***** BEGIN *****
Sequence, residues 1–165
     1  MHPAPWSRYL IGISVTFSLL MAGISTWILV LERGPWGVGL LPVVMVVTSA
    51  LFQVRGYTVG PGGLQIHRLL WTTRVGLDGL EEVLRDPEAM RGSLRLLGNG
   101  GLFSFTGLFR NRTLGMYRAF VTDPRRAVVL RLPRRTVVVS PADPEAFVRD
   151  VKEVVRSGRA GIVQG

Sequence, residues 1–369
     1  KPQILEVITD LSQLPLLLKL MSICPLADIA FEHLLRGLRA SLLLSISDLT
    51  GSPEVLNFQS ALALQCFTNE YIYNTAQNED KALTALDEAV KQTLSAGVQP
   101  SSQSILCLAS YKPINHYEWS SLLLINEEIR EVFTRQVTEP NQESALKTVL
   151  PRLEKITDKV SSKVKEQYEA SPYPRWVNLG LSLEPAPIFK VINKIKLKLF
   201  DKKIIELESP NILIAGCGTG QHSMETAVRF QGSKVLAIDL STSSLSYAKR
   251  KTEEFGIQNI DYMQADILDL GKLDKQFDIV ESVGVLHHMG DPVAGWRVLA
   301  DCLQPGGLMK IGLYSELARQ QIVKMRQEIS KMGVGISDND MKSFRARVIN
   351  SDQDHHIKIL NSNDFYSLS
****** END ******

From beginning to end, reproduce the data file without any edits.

Sequence, residues 1–165
     1  MHPAPWSRYL IGISVTFSLL MAGISTWILV LERGPWGVGL LPVVMVVTSA
    51  LFQVRGYTVG PGGLQIHRLL WTTRVGLDGL EEVLRDPEAM RGSLRLLGNG
   101  GLFSFTGLFR NRTLGMYRAF VTDPRRAVVL RLPRRTVVVS PADPEAFVRD
   151  VKEVVRSGRA GIVQG

Sequence, residues 1–369
     1  KPQILEVITD LSQLPLLLKL MSICPLADIA FEHLLRGLRA SLLLSISDLT
    51  GSPEVLNFQS ALALQCFTNE YIYNTAQNED KALTALDEAV KQTLSAGVQP
   101  SSQSILCLAS YKPINHYEWS SLLLINEEIR EVFTRQVTEP NQESALKTVL
   151  PRLEKITDKV SSKVKEQYEA SPYPRWVNLG LSLEPAPIFK VINKIKLKLF
   201  DKKIIELESP NILIAGCGTG QHSMETAVRF QGSKVLAIDL STSSLSYAKR
   251  KTEEFGIQNI DYMQADILDL GKLDKQFDIV ESVGVLHHMG DPVAGWRVLA
   301  DCLQPGGLMK IGLYSELARQ QIVKMRQEIS KMGVGISDND MKSFRARVIN
   351  SDQDHHIKIL NSNDFYSLS